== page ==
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Keeping Kim from crossing red line

| Wednesday, Oct. 4, 2017, 9:00 p.m.
An undated photo from the North Korean government shows North Korean leader Kim Jong Un, second from right, at an undisclosed location in North Korea. (Korean Central News Agency | Korea News Service via AP)
An undated photo from the North Korean government shows North Korean leader Kim Jong Un, second from right, at an undisclosed location in North Korea. (Korean Central News Agency | Korea News Service via AP)

North Korea is too close to crossing the red line — deploying nuclear missiles that can destroy a U.S. city — and President Trump must take military action.

Even if Pyongyang were to freeze its nuclear program in place, it now has the technology and resources to advance to that lethal capacity on short notice.

The regime believes that such a capability is essential for ensuring its territorial integrity. That's absurd.

The United States and South Korea have little to gain from reunification of the peninsula. Moving the Demilitarized Zone to a land border with China would put China's troops within eyeball range of American GIs — hardly a recipe for stability.

Seoul doesn't need the cost of feeding 25 million North Koreans and re-educating them to live as civilized participants in the global economy. China enabled and guaranteed the security of the menacing regime that has emerged in the North and wants a buffer state. Fine — then those should be Beijing's burdens.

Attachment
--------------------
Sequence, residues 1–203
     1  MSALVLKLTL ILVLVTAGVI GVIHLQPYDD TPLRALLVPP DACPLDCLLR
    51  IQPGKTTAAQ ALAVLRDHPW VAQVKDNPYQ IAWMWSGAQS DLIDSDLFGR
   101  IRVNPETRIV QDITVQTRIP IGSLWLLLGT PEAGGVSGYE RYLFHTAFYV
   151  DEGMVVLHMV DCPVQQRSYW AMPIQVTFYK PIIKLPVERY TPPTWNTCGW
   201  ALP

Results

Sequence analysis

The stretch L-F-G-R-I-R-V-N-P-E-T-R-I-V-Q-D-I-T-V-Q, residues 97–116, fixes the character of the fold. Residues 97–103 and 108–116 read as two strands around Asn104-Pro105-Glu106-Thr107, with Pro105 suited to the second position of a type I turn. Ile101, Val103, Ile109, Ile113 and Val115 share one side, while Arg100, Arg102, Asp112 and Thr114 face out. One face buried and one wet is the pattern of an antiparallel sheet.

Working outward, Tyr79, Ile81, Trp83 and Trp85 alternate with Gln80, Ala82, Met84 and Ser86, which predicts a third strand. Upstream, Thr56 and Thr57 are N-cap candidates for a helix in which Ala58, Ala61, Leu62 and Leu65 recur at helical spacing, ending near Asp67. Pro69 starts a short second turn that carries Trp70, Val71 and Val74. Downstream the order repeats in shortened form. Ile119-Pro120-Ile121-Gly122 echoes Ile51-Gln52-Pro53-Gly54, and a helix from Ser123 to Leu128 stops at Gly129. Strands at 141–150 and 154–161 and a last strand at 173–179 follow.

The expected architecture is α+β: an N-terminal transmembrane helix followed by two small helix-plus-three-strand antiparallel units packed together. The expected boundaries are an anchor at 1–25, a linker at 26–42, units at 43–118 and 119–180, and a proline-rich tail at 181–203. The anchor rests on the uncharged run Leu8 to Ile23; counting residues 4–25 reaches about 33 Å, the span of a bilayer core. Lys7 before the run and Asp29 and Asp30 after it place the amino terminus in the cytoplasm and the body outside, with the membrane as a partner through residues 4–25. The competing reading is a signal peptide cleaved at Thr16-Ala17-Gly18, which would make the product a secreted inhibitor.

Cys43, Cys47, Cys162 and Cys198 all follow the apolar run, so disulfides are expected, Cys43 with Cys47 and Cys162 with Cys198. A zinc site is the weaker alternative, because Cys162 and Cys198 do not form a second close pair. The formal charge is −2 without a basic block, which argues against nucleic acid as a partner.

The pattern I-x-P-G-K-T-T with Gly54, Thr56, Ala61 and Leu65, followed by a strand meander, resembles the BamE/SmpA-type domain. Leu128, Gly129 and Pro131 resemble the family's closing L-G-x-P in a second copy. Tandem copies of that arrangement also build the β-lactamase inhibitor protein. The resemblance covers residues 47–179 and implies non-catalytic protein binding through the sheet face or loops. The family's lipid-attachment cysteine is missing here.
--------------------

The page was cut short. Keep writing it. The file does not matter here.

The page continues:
China has repeatedly suggested “freeze for freeze” — a U.S. offer to suspend joint military exercises with South Korea in exchange for a suspension of North Korea's nuclear development — but things have gone too far for the United States to accept the status quo.

It would leave Pyongyang with the option of invading the South and quickly deploying the capacity to nuke Seattle if America comes to South Korea's aid.

The mere fact that Washington would let matters get to the point that North Korea can strike Japan or South Korea will eventually cause both allies to conclude they need independent nuclear deterrents.

Already, South Korea has asked Washington to reintroduce tactical nuclear warheads that could be used alongside conventional weapons, reversing Seoul's policy of seeking a non-nuclear peninsula.

Japan and South Korea obtaining independent nuclear weapons would encourage other Asian nations to do the same and effectively end the United Nations nuclear nonproliferation regime.

U.N. sanctions won't work. Most of North Korea's export revenues and oil come from China. Beijing has repeatedly demonstrated duplicity regarding full enforcement of sanctions and has much to gain from pinning down U.S. attention with a continuing crisis in North Korea.

Moreover, North Korea has endured long periods of isolation-inflicted famine and economic deprivation. Only sanctions that wholly cut off its sources of petroleum and cash to power and pay its military could be expected to move the situation — China and Russia simply won't back or enforce such measures.

Instead of fully enforcing sanctions against the North, Beijing has turned the screws on South Korea — orchestrating an embargo on its goods in China, severely curtailing Chinese tourism in South Korea, and harassing businesses that invested in good faith in the Middle Kingdom.

At this point, China's suggestions are worth only a polite listen and reiteration that without North Korea dismantling in whole its nuclear program, the Yanks are coming.

Years of appeasement by Presidents Bush and Obama leave Trump in much the same position Winston Churchill inherited from Neville Chamberlain.

Churchill refused to bargain with Hitler, and Trump should do the same with Kim Jong Un.

Peter Morici is an economist and business professor at the University of Maryland.

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